Low Back Pain Q&A: Washington University Orthopedics
“Why do I have low back pain that comes and goes?”
First, low back pain associated with lower extremity pain, numbness and tingling can be a sign of a neurological impairment and should be evaluated by your healthcare provider. Low back pain is very common with a lifetime incidence of over 90%. In other words, most of us experience it at one time or another.
Believe it or not, the cause of low back pain is multifactorial and therefore not well understood. Sometimes, structures of the spine are injured or sustain changes related to repetitive use such as a disc herniation. Other times low back pain is related to inefficient movement and load transfer across soft tissue structures. Imaging studies like a magnetic resonance image (MRI) can be helpful in showing alterations in structures of the spine but do not always confirm the source of pain. Studies show that 30% of spine MRIs in people without low back pain show a herniated disc. This tells us that though the MRI is helpful, it does not tell the entire story.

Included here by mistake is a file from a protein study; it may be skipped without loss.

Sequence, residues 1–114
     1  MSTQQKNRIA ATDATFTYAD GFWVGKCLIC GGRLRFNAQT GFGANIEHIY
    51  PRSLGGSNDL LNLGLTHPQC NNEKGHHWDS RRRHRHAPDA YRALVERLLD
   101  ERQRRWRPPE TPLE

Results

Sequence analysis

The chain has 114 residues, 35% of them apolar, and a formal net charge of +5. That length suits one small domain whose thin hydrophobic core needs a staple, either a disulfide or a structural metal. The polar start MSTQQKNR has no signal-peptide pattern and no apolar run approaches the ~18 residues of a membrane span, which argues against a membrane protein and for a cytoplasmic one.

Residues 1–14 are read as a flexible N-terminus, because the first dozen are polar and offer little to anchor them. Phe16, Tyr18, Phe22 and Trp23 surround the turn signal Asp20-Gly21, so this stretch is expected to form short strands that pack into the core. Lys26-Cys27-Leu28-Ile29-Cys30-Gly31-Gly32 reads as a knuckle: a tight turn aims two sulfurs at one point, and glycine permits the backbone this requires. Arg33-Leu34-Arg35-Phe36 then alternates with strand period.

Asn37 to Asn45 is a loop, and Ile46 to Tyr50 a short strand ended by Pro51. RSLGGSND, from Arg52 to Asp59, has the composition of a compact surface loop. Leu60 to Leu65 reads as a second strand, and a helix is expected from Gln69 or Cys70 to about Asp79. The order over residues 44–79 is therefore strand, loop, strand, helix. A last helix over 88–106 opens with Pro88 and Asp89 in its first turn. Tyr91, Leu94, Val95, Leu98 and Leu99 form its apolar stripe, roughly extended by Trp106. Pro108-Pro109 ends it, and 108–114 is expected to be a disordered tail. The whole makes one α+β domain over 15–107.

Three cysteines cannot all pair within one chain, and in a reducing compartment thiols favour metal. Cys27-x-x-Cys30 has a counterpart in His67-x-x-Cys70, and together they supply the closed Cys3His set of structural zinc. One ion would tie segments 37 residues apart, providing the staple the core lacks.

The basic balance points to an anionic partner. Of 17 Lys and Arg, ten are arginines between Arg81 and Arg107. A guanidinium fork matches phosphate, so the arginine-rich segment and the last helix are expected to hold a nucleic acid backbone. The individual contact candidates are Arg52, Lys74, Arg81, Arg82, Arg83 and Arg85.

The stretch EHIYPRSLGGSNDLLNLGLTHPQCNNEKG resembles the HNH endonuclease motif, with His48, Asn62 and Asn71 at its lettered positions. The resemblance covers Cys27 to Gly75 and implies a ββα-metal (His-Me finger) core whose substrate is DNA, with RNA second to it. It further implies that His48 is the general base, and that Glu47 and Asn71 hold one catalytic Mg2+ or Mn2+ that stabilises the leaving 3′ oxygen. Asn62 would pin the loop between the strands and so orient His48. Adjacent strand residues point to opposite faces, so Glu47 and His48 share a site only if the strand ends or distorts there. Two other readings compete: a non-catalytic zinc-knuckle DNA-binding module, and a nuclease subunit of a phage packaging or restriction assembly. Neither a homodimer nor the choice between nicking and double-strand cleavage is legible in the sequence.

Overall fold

The best way to determine the cause of low back pain remains taking a history, performing a physical examination, and utilizing imaging studies that guide treatment. The treatment needs to match the diagnosis. Once this is determined, often there can be some simple things to add or subtract to your everyday life activities that can make a difference.